‘Operation Spyglass’ is a Captain America story, but with Peggy Carter as Cap. I have heard about this version of Cap, but this is my first time reading a Peggy-as-Cap story. When a spy for the Special Operations Executive, Liliane, is in danger, Captain Carter is sent in to rescue her. Peggy finds Liliane, but she’s far from helpless. The two team up to take down some Nazis and find the true meaning of what it means to fight the good fight.
I read this story for Peggy, but I got so much more. I adore Liliane. Brave and determined, Liliane knows her mind and where she needs to be to make a difference. Also, a woman of colour with a disability in a Marvel comic? Can we get a Liliane spin-off, please? This story is also a testament to how much of a difference diversity behind the scenes makes to the stories we read. Writer Elsa Sjunneson, who is Deafblind and a disability consultant, writes Liliane as a hero on par with Captain Carter, sans shield or uniform. This is what representation is about.
In ‘She’s Got the Look’, Emma Frost deals with one of the most annoying problems—looking for something to wear when everything you own is in the laundry. But this is Emma Frost, telepath extraordinaire. Laundry’s not going to deter her from looking good. What a fun little one-page interlude from Mariko Tamaki! And the art by Nina Vakueva does Emma, her style, and Krakoa justice. I haven’t read many stories with Emma Frost because she used to be overly sexualised. But with an all-women creative team, Emma gets to be fun.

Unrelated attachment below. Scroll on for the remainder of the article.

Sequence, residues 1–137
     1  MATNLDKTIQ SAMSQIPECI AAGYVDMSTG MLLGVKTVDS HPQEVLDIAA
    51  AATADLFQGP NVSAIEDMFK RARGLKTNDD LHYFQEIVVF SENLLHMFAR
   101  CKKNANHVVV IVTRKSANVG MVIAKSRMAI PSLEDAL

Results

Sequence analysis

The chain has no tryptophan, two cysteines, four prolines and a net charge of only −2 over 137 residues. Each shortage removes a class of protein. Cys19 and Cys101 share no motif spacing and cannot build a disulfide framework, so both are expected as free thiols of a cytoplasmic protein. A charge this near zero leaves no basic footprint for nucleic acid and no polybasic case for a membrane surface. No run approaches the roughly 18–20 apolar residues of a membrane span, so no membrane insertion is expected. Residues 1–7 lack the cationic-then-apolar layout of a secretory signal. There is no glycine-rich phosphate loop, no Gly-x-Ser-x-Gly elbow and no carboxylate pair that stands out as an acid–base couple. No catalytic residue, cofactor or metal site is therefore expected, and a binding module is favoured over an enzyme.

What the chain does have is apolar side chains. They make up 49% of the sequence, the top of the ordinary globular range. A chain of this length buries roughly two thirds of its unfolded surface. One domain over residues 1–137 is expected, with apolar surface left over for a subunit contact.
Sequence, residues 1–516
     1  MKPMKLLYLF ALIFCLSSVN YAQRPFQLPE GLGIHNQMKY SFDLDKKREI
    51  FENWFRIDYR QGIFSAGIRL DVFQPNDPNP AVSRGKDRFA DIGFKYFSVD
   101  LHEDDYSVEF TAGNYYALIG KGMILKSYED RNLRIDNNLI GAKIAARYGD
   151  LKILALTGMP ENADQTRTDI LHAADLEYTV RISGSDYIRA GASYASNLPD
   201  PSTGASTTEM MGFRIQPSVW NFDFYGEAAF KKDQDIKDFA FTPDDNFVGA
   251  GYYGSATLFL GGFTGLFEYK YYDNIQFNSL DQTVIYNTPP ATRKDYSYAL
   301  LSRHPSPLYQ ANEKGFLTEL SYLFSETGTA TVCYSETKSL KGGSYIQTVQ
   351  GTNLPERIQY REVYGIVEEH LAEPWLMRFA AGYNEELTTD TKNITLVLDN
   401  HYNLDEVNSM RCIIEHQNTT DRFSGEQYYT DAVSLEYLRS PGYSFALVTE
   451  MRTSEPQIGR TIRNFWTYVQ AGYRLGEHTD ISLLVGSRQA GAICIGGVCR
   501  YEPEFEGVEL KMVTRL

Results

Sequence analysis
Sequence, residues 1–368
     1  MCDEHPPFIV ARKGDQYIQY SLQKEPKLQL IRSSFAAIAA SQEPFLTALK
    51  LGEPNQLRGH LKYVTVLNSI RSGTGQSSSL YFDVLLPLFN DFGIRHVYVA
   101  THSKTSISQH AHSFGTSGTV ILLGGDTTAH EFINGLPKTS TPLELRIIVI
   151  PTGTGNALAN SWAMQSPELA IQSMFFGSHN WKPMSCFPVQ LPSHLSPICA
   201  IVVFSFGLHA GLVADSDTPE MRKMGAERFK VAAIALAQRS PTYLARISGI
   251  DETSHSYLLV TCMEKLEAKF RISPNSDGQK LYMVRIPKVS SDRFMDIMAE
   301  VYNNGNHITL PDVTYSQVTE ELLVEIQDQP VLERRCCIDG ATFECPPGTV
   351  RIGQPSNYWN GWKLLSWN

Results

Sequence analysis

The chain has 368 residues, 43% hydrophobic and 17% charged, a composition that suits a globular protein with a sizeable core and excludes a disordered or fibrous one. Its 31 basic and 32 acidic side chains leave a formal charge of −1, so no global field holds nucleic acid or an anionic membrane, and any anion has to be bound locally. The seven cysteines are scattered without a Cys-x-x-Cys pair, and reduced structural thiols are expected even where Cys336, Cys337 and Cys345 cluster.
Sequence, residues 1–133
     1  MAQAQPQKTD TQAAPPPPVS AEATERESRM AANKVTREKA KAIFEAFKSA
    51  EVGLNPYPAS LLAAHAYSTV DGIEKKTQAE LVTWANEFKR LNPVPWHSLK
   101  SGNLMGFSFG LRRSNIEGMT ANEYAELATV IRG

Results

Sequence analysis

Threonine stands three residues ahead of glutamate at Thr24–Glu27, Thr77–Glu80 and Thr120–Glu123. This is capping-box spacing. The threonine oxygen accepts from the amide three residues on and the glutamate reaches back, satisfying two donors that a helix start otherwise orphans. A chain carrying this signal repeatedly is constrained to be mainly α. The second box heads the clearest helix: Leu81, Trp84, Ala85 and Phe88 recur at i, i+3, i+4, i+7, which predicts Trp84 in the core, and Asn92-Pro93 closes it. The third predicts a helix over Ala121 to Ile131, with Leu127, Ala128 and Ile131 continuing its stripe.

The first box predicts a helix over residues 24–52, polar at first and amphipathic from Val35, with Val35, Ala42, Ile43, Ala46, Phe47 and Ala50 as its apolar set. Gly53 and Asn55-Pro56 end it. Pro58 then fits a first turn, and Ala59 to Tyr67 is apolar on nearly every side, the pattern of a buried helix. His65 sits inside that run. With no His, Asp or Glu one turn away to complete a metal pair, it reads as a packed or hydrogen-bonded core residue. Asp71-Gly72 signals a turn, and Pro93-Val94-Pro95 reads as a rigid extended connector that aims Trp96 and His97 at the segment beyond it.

‘Cretaceous Flirtatious’ brings together three of my favourite things: dinosaurs, Mystique, and Rogue. Mystique is auditioning a possible new entrant into the Brotherhood of Evil Mutants. But she needs to distract a group of excitable students looking at dinosaur bones first. Unfortunately, one of those students is none other than Rogue, Mystique’s adopted daughter. Of course, hijinks ensue with Mystique being her most mutant, evil, and motherly self, and Rogue wishing she could disappear into the earth. In just a few pages, we get to see the dynamic between these two characters, and it is so much fun. I love humorous Mystique and this story gives me plenty of that.
It has been ages since I read anything to do with the Inhumans, so I loved catching up with the Inhuman Queen herself, Medusa, in ‘Good Hair’. I always wondered how Medusa handled that much hair. As someone who had knee-length hair until my 20s, all I can think of is the pain of sitting on it accidentally. I couldn’t wait to cut it off!
No such luck for Medusa in Women of Marvel. When she tries to get a trim, her hair actively fights the hairdresser, leaving Medusa to take drastic actions so she can finally get some work done. I understand her decision but she’s going to get one hell of a headache with her hair-taming method! The art by Rachel Stott is so effective in this one-page story, and the final panel is a delightful sight-gag that made me guffaw. You have to see it!